Now of course I should consider the job of unpaid writer, games designer and homemaker.  I think I entertain and educate people with my writing (I try, anyhow) and I maintain a home and do chores that need doing.  I certainly harm no one and much of what I do is very necessary work.  The glory factor is certainly a little lacking but I think as far as being worth doing my current job is right up there.

I imagine the scale as going from -10 to 10 where 0 is a job that just doesn't do anything helpful, 10 is a doctor and -10 is a mob hitman.

Cooper:  8
Homemaker/Writer/Layabout:  7
Mattress sales:  5
Programmer:  3
Clerk:  2
Medical sales:  -4

I don't know that this tells me much of anything really.  I think if everyone thought about jobs this way and tried to find jobs that were really worth doing by my definition we would have a much richer, happier and more productive society.  I suppose that most of the people doing the jobs that are negative have little enough concern for this metric regardless.


  1. When I think about my job in this context (seldom) I can't decide if it's useful or not. If the monitoring, discovery and signing of death warrants for insects in the grain supply helps Canada to market it's grain as a top quality product, then it's useful to farmers, buyers and consumers. But is the adding of chemical to kill the insects an actual improvement in a food product? Would insect parts be a healthier option? And knowing that some insects get through in their dormant stages or otherwise kind of makes my efforts a joke. Window dressing, really. As much as I like to believe I make a positive contribution I know I'm actually doing the job for the cash.

  2. In response to "Mom" (I obviously can't refer to you as "Mom" without the quotation marks) I think it sounds like the job you are describing is a net positive. Of course I don't know your job that well, so forgive any erroneous assumptions.

    You seem to wonder whether controlled application of pesticides is actually healthier than letting the insects be. But I think it's more likely that if we did not have controlled application of pesticides we would have indiscriminate application of pesticides. It would mean more pesticides in the food and a greater chance of creating pesticide resistant insects that would need stronger and stronger poisons to kill. It sounds like you deal with wheat stores rather than wheat farms, and I don't know what the differences might be, but I know that is precisely what happens on farms. Paying attention to insect populations and making targeted responses is a way to reduce pesticide use, not to increase it.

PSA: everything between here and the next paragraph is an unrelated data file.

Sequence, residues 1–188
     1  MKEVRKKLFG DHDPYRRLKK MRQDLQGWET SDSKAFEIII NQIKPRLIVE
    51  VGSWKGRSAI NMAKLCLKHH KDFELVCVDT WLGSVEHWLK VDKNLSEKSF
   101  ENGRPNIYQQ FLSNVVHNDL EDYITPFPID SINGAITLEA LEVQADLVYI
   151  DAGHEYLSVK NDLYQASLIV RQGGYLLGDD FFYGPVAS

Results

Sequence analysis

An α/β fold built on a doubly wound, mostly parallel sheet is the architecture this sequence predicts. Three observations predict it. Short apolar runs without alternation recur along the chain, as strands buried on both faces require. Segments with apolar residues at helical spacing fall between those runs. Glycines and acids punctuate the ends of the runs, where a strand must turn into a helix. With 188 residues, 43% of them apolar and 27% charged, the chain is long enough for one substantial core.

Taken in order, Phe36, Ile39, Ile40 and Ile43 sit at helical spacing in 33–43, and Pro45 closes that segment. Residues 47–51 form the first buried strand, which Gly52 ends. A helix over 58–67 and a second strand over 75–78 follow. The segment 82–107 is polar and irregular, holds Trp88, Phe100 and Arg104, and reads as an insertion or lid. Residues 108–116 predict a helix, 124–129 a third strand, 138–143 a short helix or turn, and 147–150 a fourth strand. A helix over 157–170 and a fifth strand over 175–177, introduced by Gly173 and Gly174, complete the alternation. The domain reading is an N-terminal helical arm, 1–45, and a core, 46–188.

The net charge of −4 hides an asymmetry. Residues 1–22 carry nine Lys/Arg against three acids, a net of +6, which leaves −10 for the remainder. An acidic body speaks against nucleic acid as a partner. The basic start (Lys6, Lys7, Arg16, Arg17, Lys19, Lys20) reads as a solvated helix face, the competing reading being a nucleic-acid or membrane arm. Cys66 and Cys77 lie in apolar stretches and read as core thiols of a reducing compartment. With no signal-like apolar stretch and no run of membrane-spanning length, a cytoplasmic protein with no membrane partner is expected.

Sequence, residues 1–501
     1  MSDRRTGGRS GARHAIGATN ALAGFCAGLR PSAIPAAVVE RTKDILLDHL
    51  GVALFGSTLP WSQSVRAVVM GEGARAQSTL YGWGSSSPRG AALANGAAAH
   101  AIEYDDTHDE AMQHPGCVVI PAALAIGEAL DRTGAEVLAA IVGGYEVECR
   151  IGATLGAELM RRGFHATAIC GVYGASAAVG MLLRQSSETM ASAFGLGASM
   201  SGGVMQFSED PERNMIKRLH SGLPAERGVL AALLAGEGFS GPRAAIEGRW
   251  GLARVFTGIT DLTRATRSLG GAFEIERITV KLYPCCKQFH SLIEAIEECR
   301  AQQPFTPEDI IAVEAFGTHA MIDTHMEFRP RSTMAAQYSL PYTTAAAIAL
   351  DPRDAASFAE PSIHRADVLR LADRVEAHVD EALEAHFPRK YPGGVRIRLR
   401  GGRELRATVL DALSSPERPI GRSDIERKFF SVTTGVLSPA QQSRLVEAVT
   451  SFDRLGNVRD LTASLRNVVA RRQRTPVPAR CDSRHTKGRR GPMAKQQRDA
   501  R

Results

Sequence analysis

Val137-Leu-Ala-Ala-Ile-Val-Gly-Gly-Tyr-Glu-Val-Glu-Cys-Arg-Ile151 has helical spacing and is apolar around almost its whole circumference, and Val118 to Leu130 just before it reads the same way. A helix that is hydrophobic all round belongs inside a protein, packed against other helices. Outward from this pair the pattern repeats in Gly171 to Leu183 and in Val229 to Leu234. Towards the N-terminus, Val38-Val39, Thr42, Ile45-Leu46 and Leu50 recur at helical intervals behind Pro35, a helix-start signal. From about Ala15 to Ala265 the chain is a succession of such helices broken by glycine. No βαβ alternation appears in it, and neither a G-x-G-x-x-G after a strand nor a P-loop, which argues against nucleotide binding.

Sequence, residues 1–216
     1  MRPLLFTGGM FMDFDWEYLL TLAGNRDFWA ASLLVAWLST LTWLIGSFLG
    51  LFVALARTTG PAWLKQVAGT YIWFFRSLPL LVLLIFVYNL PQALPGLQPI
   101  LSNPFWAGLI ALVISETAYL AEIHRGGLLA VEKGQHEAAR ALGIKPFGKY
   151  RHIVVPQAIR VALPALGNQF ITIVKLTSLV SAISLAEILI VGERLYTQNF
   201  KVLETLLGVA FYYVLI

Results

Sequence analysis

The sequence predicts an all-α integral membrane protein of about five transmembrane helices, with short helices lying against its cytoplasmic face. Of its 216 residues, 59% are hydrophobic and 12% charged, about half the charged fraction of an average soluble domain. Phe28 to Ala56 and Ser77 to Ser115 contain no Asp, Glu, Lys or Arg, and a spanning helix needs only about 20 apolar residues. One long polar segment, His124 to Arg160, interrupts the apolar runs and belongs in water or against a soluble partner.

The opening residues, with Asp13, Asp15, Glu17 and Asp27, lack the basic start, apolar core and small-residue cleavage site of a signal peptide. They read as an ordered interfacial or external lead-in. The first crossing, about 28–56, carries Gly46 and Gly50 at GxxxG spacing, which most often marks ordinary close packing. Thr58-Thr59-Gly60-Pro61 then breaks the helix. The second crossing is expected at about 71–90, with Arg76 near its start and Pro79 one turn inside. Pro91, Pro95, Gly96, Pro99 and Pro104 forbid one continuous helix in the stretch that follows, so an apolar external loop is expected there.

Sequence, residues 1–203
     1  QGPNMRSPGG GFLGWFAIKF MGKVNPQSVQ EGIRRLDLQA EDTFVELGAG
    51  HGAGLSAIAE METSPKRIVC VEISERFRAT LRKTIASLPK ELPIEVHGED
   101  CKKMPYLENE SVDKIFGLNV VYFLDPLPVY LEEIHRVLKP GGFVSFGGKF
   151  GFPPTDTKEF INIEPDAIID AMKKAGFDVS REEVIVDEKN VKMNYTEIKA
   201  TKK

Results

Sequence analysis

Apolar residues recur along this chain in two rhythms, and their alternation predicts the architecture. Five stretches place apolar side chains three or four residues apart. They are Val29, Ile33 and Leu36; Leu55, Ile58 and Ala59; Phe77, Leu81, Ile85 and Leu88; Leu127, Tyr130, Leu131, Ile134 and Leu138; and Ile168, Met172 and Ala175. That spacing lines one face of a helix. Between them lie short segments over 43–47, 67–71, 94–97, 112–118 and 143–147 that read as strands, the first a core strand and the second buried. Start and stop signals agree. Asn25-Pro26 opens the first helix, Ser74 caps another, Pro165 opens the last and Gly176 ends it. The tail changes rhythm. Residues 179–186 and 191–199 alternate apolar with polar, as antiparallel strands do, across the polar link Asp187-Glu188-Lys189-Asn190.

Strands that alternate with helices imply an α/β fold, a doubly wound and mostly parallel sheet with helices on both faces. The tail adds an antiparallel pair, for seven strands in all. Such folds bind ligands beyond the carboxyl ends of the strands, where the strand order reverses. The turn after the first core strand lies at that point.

Also, while a few insect parts probably would be fine, where there are insects there must also be insect excrement. Though I understand there are issues with the validity of tests that show pesticides are safe for humans, I would guess that the vast majority of insect excrement is toxic.

    Finally, all of this control of insects is not broadly because of the desire to increase the quality of the product. I think it is more because of the desire to avoid significant supply disruptions. A few insect infestations here and there might not cause big problems, but if they aren't monitored then at some point there will be some insects that get really out of hand and destroy large amounts of wheat.

    Obviously with international markets being what they are any shortage caused by insects run amok would be temporary, and I don't think we'd have a food crisis. But any kind of food supply disruption is always going to hit the poorest people the hardest, and Canada suddenly wanting to buy a lot of wheat could end up raising prices for other people who can't afford to pay them.

    I don't know how realistic a massive wheat loss scenario is with the current spectrum of wheat eating bugs found around here, but it's consistent with what has happened with insect problems historically all around the world.

    As someone who is pretty unconcerned about a few insect parts in my wheat and who has no personal stake in the matter, I would give monitoring and documenting the insect population in wheat stores an 8 (I'd give it a 10, really, since I think it's pure benefit, but just like at the olympics, you can't give someone a 10, what if the next person is better?).